7.08 / August 2012

Running Late

listen to this story

You are running late, always running late to pick up the older one at daycare, and it is five dollars for every minute passed 6:00pm. Which is already late enough as it is, but there you are again, trying to do one last thing in the office, missing a train, sitting on a train, stopping to buy the kid a snack at the scary bodega on Division, and running through the rain to not be late.

Because you are so close, the watch reading, 5:55, then 5:56, suddenly 5:58, but you are at the door now, buzzing and bursting in, where it is so quiet that it’s not clear to you whether any children are still there at all.

Then you see them, a group of kids and the teacher, the young guy, all of them fresh-faced and sweaty, sitting in a big group, leaning forward and intently looking at something.

You slow down, you try to catch your breath, and you tell yourself that it’s okay, everything will be okay. You walk up to see what everyone is looking at.

It is your kid.

He’s in the middle of hundreds of puzzle pieces, and he is methodically putting together the biggest puzzle you’ve ever seen in your life. Everyone is transfixed, as are you, it’s beautiful, like a ballet, and as you watch you think about a piece you must have read once in The New York Times about how our biggest fears are the most irrational.

Like flying in a plane, it’s immensely safer than getting in your car, but flying has a hold on our collective fears that cars will never match.

And this is how parenting has been for you from the start.

You never worry about how you will pay for college, which on purely technical level is mostly impossible to do at this time, but you endlessly worry about things like Leukemia, porch parties gone awry, and an endless array of possible accidents that will lead to irreparable brain damage.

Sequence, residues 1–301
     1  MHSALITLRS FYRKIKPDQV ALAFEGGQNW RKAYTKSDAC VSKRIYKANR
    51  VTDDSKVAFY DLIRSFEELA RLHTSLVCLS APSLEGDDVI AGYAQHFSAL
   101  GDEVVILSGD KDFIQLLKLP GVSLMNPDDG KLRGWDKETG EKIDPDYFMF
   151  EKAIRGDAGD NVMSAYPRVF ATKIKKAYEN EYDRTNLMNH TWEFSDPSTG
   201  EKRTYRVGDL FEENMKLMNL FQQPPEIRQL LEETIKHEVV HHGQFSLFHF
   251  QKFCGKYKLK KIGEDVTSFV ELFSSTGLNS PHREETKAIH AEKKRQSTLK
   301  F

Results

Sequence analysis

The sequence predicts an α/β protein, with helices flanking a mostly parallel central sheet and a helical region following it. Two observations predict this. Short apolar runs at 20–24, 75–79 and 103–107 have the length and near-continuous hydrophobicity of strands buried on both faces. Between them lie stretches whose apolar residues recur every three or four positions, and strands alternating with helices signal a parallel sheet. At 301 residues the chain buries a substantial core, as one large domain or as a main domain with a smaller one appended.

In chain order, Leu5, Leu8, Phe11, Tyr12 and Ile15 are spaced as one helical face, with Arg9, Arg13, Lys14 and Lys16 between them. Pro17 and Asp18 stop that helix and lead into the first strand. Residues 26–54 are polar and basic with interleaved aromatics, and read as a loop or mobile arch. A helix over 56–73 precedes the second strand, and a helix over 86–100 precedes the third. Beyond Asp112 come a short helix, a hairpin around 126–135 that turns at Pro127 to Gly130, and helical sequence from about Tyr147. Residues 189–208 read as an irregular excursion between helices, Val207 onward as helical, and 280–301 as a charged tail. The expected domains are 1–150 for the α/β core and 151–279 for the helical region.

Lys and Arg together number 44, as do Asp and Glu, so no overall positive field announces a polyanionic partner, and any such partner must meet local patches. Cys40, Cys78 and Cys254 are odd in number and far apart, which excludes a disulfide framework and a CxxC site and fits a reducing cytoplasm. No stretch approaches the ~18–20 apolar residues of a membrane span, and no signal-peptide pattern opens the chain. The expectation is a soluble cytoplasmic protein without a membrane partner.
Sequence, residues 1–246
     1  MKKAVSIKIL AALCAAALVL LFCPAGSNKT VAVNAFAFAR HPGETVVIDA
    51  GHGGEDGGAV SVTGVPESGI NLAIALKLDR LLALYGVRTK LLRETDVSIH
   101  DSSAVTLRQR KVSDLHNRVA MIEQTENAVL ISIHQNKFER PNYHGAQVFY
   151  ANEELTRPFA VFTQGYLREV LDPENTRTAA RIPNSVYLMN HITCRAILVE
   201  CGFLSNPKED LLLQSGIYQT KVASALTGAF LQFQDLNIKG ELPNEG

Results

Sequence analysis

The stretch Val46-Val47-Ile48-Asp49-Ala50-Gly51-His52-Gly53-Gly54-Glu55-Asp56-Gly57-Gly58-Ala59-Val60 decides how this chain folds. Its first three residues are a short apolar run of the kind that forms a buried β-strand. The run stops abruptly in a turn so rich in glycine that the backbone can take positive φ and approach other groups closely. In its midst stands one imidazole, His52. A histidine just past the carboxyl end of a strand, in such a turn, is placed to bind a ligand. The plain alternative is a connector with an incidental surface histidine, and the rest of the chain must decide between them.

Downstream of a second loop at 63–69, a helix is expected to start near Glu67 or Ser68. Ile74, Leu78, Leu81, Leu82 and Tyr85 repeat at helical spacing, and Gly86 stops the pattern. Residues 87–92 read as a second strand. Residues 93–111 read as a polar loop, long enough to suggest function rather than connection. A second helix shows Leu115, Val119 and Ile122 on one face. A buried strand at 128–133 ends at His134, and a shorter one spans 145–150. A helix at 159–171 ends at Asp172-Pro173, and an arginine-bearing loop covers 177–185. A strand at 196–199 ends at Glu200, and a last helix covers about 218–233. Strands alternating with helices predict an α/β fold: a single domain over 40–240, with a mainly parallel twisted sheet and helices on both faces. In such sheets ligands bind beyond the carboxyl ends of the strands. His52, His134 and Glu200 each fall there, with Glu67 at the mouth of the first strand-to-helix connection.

It is all there, all of it, and all of the time, which is not even to mention your ongoing fears about the boys being sexually abused because you’ve somehow turned away at the wrong time.

You also never worry about whether your kid is special, however, or if he has some kind of gift, you’ve come to assume it, though based on what, and how that will happen, you don’t know.

This performance on the other hand, this puzzle thing, maybe it means something, it must, but again, you don’t really know.

Just like you don’t know exactly why a fresh-faced young man chooses to work around small children, something you know is antiquated and fucked-up, so you push it aside, and decide to take a moment and enjoy what’s happening before you, your beautiful genius boy doing something bizarre and awesome to the amazement of all who are watching.

He doesn’t do puzzles any more though, nothing quite like it really, nothing that appears especially gifted or unique anyway, which is something that doesn’t totally make sense to you, but is so much easier to ignore for now.

Of course, many things don’t make sense, and many things are easier to ignore, for example, the fact that the fresh-faced teacher went on to inappropriately touch one of the other kids, was quickly, though quietly, dealt with, and is now rumored to be living under the watchful eye of his parents and far from your little school.


Ben Tanzer is the author of the books My Father's House and So Different Now among others. Ben also oversees day to day operations of This Zine Will Change Your Life and can be found online at This Blog Will Change Your Life the center of his vast media empire.
7.08 / August 2012

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